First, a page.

Excerpts from the Gullah Geechee Cultural Heritage Corridor website
The Gullah Geechee people are the descendants of Central and West Africans who came from different ethnic and social groups.
They were enslaved together on the isolated sea and barrier islands that span what is now designated as the Gullah Geechee Cultural Heritage Corridor – a stretch of the U.S. coastline that extends from Pender County, North Carolina to St. John’s County, Florida and for 30 miles inland.
The result was an intense interaction among Africans from different language groups in settings where enslaved Africans and their descendants formed the majority.
Over time, they developed the Creole Gullah Geechee language as a means of communicating with each other and they were also able to preserve many African practices in their language, arts, crafts and cuisine.
Gullah is a unique Creole language spoken along the Sea Islands and adjacent coastal areas of South Carolina and Georgia. The residents in Georgia are typically referred to as “Geechee.” Gullah language began as a simplified form of communication among people of different languages including European slave traders, slave owners and diverse African ethnic groups. The vocabulary and grammatical roots come from European and African languages.
Gullah Geechee language is the only distinctly African Creole language in the United States and has influenced traditional Southern vocabulary and speech patterns.
ARTS, CRAFTS AND MUSIC
Enslaved Africans brought a rich heritage of cultural traditions in art, foodways and music. Arts and crafts are the result of products designed by necessity for activities of subsistence and daily living such as making cast nets for fishing, basket weaving for agriculture and textile arts for clothing and warmth.
The art of making cast nets for fishing has been passed down by enslaved Africans brought to the southeastern shores of the United States. Gullah Geechee people continue to use the nets to harvest from the Sea Island waterways, but the tradition is labor intensive and artists are dwindling in numbers as younger generations have lost interest.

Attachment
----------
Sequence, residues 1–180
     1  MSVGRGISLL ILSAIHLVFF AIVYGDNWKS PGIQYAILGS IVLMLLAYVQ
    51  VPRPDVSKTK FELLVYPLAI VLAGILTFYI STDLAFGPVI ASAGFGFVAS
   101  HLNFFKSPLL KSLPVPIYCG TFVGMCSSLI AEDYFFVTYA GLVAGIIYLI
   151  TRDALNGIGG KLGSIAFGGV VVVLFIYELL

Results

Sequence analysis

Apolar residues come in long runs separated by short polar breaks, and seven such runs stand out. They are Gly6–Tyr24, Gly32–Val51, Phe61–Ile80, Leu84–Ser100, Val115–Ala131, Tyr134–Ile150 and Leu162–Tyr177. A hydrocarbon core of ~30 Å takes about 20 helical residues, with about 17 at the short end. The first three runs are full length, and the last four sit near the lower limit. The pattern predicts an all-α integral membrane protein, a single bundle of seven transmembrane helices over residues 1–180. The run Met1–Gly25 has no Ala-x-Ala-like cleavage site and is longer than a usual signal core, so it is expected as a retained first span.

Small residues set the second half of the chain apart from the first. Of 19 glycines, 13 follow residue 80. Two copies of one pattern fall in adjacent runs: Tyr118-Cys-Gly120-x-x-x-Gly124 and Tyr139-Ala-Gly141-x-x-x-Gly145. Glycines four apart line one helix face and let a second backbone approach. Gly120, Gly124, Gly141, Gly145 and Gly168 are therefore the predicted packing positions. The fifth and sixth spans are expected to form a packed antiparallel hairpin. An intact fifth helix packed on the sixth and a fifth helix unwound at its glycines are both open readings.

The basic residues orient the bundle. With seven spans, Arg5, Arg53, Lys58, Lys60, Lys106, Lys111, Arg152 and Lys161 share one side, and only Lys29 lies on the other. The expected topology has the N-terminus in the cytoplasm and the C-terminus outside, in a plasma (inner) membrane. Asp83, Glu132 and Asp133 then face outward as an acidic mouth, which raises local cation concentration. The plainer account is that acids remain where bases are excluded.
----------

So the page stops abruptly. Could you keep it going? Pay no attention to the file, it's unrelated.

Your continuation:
African textile traditions that included sewing strips of cloth into larger patterns were combined with European quilting methods and a Creole art form emerged. Quilts with bright colors and designs were originally made for necessity. These traditions also allowed women a time for social interaction.
Sweetgrass baskets, originally designed for rice production and processing and other domestic uses in Africa, were used for agricultural purposes such as planting and harvesting of coastal crops. Made of bulrush, sweetgrass and split oak, the African art of basket making was significant as a traditionally passed down handicraft practiced by both men and women using similar materials from their homeland. Baskets also gained recognition for the skill of an artist and uniqueness in style. Even in historic times, baskets were sold to non-Gullah Geechee people and were a source of additional income.
African songs are the foundation for what may be referred to as Gullah music. Deeply rooted in music traditions brought to the Americas by enslaved Africans, the music evolved out of the conditions of slavery that characterized their lives. The influence and evolution of musical forms that arose out of Gullah music can be heard in many musical genres such as spirituals and gospel music, ragtime, rhythm and blues, soul, hip hop and jazz.
Food has always played an important role in social traditions in many cultures. Gatherings, celebrations, and religious rituals are often accompanied by food.
The Gullah diet consisted of items available locally such as vegetables, fruits, game, seafood, livestock; items imported from Europe, items imported from Africa during the slave trade (okra, rice, yams, peas, hot peppers, peanuts, sesame “benne” seeds, sorghum and watermelon), and food introduced by Native Americans such as corn, squash, tomatoes and berries. Rice became a staple crop for both Gullah and whites in the southeastern coastal regions.
Although a bounty of food types existed, there was not always a bounty of food available for enslaved Gullah people or their descendants. Making use of available food (or rations), making a little go a long way, supplementing with fish and game, leftovers from butchering and communal stews shared with neighbors were African cultural practices.
African cooking methods and seasonings were applied in the Gullah homes and plantation kitchens. Because plantation cooks were primarily enslaved women, many of the African cooking traditions were employed along with creatively incorporating foods introduced by European, Spanish and American Indian influence, much of the food today referred to as “Southern” comes from the creativity and labor of enslaved African cooks from the plantations.
Religion and spirituality have a sustaining role in Gullah family and community life. Enslaved Africans were exposed to Christian religious practices in a number of ways and incorporated elements that were meaningful to them into their African rooted system of beliefs. These values included belief in a God, community above individuality, respect for elders, kinship bonds and ancestors; respect for nature, and honoring the continuity of life and the afterlife.
Some plantation owners had regular religious services on the plantation and required slaves to attend. Some plantations had separate services for blacks with black preachers. Plantations frequently had a praise house or small structure where slaves could meet for religious services, but these also had significance in maintaining community cohesion, social structure and conflict resolution.